Wonderful Things: Henry Molaison’s brain

When you think of the world’s most famous brain, whose comes to mind?

 Freud’s? Einstein’s? Marie Curie’s perhaps?

True, all these had quite a lot to offer in the grey matter department, but when it comes to offering the world a clearer picture of the human brain and providing vital insights into the formation and storage of memories, the prize goes to a man by the name of Henry Molaison.

In 1935, 9 year old Henry got in an accident with a cyclist in his home town of Hartford, Connecticut; he hit his head and later developed intractable epilepsy. In 1953 at the age of 27, in an attempt to correct his seizures, he was referred to William Beecher Scoville, a neurosurgeon at Hartford Hospital, for treatment. At that time, neuroscience was quite rudimentary and the procedure carried out on Henry was unprecedented. Scoville removed both temporal lobes of his cerebral cortex and a sea-horse shaped structure called the hippocampus. That’s quite a lot of brain tissue gone.

Brain model- green sections indicate the Temporal lobes removed by Scoville

The operation succeed in dissipating his seizures, but unfortunately he emerged unable to form new memories. They had removed a part of his brain that was responsible for storing short term memories! Neurologists refer to this state as profound amnesia.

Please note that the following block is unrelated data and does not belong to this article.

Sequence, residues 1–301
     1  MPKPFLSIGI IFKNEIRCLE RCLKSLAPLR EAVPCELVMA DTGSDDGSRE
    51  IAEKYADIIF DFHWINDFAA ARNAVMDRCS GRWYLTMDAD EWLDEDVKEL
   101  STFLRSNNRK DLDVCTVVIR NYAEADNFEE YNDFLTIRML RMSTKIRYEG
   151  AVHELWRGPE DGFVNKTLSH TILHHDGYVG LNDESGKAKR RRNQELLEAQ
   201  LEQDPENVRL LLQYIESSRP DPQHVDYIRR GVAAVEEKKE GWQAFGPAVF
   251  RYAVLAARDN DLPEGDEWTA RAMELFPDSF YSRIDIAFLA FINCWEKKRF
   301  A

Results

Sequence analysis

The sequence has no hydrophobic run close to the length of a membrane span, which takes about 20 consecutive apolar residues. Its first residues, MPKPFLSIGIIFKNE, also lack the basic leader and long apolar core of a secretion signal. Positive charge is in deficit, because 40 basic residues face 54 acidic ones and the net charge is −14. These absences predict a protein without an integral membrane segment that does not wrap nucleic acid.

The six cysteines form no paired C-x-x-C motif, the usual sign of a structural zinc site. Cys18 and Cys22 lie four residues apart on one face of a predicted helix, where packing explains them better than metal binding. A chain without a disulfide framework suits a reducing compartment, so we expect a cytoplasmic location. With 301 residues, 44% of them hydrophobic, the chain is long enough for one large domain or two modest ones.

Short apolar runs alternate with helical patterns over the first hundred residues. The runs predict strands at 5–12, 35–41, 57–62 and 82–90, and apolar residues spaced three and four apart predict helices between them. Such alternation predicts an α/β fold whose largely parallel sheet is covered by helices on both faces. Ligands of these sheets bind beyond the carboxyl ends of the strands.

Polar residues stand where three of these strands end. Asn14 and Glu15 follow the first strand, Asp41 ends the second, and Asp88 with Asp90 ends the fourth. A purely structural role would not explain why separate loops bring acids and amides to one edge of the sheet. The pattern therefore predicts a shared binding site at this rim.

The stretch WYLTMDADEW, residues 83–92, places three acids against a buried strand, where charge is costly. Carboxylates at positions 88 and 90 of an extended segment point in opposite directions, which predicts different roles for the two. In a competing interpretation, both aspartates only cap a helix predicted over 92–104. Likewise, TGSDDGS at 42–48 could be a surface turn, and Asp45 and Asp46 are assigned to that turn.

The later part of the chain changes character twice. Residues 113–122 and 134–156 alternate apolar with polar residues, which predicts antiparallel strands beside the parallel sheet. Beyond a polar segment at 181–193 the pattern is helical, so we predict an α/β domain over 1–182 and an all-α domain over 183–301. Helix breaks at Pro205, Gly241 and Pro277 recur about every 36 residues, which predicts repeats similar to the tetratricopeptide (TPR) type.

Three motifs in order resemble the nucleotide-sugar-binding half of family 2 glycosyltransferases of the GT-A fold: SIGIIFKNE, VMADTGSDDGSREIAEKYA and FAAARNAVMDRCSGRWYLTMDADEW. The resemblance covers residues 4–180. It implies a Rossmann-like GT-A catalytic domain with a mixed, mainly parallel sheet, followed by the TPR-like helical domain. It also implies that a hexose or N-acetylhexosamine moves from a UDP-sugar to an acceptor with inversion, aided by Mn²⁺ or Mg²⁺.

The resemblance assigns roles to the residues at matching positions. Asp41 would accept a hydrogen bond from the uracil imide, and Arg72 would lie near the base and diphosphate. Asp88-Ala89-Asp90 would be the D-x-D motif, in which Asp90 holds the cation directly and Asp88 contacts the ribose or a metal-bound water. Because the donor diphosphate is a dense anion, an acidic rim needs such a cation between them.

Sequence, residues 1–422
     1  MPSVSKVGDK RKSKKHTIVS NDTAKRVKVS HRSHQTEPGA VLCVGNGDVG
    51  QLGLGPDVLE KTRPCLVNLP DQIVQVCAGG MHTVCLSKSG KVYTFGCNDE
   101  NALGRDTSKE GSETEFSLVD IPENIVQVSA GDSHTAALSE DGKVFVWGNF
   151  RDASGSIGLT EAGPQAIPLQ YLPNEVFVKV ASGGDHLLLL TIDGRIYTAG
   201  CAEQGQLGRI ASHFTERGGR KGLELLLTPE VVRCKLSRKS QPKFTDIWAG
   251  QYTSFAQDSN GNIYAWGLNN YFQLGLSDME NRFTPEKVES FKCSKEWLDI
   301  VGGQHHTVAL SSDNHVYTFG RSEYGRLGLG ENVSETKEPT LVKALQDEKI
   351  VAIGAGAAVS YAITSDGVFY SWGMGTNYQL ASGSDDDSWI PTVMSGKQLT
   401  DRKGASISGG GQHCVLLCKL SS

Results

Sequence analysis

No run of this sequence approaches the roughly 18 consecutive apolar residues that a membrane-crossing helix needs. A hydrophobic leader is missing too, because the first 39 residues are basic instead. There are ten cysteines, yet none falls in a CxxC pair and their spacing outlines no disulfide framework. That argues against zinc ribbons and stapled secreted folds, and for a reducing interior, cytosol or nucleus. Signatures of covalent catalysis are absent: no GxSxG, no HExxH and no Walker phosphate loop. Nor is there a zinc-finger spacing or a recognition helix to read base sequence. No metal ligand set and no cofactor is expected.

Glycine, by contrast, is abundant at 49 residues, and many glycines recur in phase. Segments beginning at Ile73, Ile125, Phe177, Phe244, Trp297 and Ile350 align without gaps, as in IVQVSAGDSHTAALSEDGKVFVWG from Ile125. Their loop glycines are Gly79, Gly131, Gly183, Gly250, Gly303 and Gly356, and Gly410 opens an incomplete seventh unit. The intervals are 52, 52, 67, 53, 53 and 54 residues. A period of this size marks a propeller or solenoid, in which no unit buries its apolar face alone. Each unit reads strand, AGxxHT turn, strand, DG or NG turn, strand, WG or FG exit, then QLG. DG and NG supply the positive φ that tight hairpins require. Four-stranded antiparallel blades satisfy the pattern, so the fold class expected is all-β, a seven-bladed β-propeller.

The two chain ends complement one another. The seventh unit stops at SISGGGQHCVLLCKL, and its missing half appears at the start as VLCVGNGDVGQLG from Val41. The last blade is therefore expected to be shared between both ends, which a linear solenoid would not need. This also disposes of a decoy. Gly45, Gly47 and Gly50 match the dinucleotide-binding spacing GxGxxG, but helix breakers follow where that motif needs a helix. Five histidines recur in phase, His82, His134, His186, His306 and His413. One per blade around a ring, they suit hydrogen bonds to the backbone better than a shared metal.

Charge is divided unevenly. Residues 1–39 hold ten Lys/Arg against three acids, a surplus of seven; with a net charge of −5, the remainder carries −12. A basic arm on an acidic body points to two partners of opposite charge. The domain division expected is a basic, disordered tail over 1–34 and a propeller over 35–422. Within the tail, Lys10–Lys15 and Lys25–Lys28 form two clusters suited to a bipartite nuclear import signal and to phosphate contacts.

He lived the rest of his life this way, remembering events that occurred before his operation and unable to form new ones after it. He knew  his mother was Irish and also about World War 2, recalling almost nothing after that. Luckily for the world of neuroscience, Henry wanted to help people and gave himself to neurological research for the rest of his life until his death in 2008.

Before Henry Molaison (or Patient HM as he is often known to psychology and neuroscience students), memory was an abstract idea, now, thanks to Henry and his brain, we can see where long and short term memory areas are formed in the brain.

Section of HM's brain indicating where tissue was removed

Had Henry not being so willing to help science to better understand the human brain, many people may not have received the treatment they needed to help with their conditions.

How do you feel about donating your body to Science?

Can you think of any reason that would prevent people from doing so?

 Would you donate your pet’s body to science?

If you would like to see and hear elements of this fascinating story, visit the Who Am I gallery on the first floor in the Wellcome wing of the museum.

-James Carmody

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